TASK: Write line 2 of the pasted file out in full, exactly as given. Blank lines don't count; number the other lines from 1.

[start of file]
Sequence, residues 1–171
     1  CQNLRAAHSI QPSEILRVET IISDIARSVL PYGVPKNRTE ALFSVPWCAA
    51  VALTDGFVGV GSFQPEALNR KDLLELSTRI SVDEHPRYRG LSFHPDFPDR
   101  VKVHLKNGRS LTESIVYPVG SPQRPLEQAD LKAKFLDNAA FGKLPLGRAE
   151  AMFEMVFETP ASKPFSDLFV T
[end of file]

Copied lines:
     1  CQNLRAAHSI QPSEILRVET IISDIARSVL PYGVPKNRTE ALFSVPWCAA